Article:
It was about money because we wanted more money for some of the aspects of new technology. I think the employers inevitably wanted to capitalise on new patterns of working; new styles of camera were not necessarily going to need quite a big crew. You could do far more editing, so you didn’t need so many people working in a studio, in reality, on production. You could work on a production outside, shooting drama outside with two cameras and a couple of operators, and one or two assistants. You could make material à la film, in a sense, because there were good editing facilities coming in. There was a whole range of things that were being kicked around by both management and the trade unions. And in 1979, the real issue became, in the end, that Thatcher was elected, the Tory government was elected. And when for the previous three years we’d had requests put in for an increased pay rise to cover some of these aspects of new technology and new equipment, new patterns of working, you could get away with certain things, like certain productivity deals, but I think the company didn’t want to be giving money for productivity deals.
So in 1979 when the new government came in, and what had been the Labour government’s restriction on pay rises, which had been limited, at the same time inflation was racing away, and to have a settlement of seven to 10 per cent was not unusual, so I think we had asked for seven and a half per cent, maybe 10, and the employer completely turned around and said, “No, we’re not paying all that.” So we found ourselves saying, “Well, we definitely want 12 and a half per cent,” and then I think there was a bit of a break-out, I think at Thames, there was some trouble there about new technology, then bumph, it all escalated, and we were all locked out.
Did you expect to be locked out for so long?
No, not in the slightest, I don’t think. I remember Quinn saying to me, “When we get this one sorted out, we’ll see what your mettle’s made of.”
Because I was having lunch with Gordon Burns and a couple of other people, and we were waiting for Jeremy Fox to appear. This was the day the strike started.
The day we signed the mortgage on this house!
I did exactly the same – well, not quite that day, but I had literally, that week… so Jeremy Fox suddenly appears at the lunch and says, “Sorry I’m late, I’ve just heard you’re all locked out.” And he said, “I’ve spoken to my dad – Sir Paul Fox – he says 63 days.” And that’s virtually what it was.
Yes… 10 or 11 weeks, wasn’t it? Virtually three months. What I remember was, initially, the employers really dug in, led, I believe, by Granada. Granada really were hawks, they were saying, “We’re not forking out all this money,” and they were very much against the national agreement, they didn’t like the national agreement, they said they couldn’t do much better deals locally. It was happening all the time, there were little deals being negotiated. But anyway, as you know, we were out for 10 or 11 weeks, and I think at the end of the day we considered it was a triumphant return, because we had an 18-month settlement, which was worth 46 and a half per cent, and of course during that period… it was surprising, people did go of and get jobs and do bits and bobs, I stayed on the picket line.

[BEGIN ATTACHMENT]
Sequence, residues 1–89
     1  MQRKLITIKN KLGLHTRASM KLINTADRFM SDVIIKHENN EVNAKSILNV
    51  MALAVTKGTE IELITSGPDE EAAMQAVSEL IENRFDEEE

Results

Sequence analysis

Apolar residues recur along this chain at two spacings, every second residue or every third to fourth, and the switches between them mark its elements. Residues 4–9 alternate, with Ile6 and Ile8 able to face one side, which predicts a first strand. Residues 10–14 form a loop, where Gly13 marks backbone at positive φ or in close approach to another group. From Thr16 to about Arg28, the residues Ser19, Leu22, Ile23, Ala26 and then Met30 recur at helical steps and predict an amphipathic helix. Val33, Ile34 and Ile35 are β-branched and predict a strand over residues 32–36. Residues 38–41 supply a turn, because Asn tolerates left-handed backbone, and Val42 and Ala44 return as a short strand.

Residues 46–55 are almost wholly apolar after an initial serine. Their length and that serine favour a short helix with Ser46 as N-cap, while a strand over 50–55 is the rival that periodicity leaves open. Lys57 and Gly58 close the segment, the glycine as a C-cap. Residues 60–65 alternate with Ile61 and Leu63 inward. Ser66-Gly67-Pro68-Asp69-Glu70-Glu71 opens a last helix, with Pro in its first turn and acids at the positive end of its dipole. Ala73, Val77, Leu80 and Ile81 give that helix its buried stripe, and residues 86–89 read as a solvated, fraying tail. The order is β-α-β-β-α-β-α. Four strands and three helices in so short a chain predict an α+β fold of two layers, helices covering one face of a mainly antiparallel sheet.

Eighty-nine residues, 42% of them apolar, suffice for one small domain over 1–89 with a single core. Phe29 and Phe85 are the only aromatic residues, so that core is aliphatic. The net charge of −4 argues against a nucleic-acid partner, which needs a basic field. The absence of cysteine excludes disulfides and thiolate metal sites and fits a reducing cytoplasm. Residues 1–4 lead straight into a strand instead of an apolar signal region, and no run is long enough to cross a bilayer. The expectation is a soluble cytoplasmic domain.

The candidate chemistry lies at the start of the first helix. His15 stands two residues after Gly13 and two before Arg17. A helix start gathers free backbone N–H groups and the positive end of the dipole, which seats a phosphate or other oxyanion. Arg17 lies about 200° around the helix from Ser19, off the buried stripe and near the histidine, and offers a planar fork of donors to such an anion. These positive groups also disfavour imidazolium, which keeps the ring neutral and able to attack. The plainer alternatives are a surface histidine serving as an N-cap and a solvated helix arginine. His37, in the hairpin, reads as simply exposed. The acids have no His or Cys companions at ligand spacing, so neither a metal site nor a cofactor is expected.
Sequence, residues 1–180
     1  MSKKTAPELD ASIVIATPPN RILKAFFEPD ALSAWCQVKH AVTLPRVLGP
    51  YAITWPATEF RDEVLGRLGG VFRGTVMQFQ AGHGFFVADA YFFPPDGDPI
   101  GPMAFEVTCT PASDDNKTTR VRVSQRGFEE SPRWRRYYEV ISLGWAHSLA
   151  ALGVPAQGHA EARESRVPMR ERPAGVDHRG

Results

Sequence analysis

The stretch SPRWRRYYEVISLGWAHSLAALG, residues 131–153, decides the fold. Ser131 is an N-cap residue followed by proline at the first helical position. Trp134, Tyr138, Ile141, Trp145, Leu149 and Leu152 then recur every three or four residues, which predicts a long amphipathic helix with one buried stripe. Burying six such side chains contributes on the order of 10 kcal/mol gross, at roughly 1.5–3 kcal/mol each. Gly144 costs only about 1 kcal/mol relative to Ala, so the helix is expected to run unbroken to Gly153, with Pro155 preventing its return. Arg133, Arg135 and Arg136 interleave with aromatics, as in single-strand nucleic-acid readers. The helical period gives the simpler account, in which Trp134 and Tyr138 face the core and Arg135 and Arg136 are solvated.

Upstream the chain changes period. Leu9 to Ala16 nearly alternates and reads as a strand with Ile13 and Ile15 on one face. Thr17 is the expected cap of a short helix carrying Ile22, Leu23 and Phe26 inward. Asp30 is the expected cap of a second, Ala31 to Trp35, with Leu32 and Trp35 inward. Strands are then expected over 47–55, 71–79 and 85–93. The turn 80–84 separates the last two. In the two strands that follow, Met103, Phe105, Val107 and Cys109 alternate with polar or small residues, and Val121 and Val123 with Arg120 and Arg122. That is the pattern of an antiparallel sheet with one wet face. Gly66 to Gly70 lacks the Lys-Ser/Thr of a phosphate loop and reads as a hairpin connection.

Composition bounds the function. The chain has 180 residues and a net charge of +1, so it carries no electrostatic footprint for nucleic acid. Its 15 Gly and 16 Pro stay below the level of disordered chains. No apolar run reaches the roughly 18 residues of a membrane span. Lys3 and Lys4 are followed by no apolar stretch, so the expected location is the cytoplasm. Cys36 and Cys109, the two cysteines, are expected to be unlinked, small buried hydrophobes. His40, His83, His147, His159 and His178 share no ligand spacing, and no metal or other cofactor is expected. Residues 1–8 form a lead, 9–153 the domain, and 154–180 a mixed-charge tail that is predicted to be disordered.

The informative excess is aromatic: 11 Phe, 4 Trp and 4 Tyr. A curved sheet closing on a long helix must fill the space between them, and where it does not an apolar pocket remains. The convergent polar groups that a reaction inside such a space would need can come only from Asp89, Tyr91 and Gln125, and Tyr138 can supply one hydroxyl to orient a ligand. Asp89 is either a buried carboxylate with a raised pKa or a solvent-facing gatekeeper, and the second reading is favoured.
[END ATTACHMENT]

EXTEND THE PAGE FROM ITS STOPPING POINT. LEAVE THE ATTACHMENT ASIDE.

There had been a month’s strike in 1970 at Granada, I don’t know if you remember that, that was again about the company wanting to re-equip and so on, and that was in the month leading up to the general election in 1970 when Labour lost. But that was certainly a local strike, and there we were all… the rest of the union, the rest of the circuit, you might say, they all chipped in to a strike fund, so in fact the people at Granada more or less kept their money flowing all the time – we were not out of pocket. But 1979 was obviously a long strike, and we eventually came back to work – in fact, the company even loaned us a month’s pay when we came back!
I joined Granada the year before, and I do recall I came from Tribune, where I was earning a pittance! And joining Granada I think on about £5,000 a year, and being slightly surprised that it wasn’t more than that, I had anticipated that Granada would pay a lot more. And then after the strike I was suddenly earning £7,500, which was a massive increase.
Yes. Even now, people have said to me, “It was a long time,” and all the rest of it. But of course, that meant your pension went up In effect, all that sort of thing was reflected in deferred earnings like that, so I think that was quite valuable.
So you had become heavily involved in the union?
I was, sure. 1979, I think some of us were cheesed off with the way the negotiations had gone on, and of course the ACTT, although we had Alan Sapper, the left-winger, as general secretary, he didn’t really get involved in much of it until about the second month, he didn’t bother himself with things like that. Anyway, at the end of the strike, there was sort of a broad decision, I think… actually, quite a bit at Granada level, that we wanted to take more of a part in national politics, you might say, of ACTT. And very rapidly and very quickly I found myself elected to the national negotiating committee and was appointed/elected to be the chair of the negotiating committee. There was a slightly off set-up, there was the negotiating committee that had a chair, and also had a negotiating leader going from Yorkshire Television. But it did mean, I think, that Granada had quite a strong voice there on the future, and yes, at that point you could say that being a member of the negotiating committee was quite a responsible job and I was in London virtually every week, one day a week.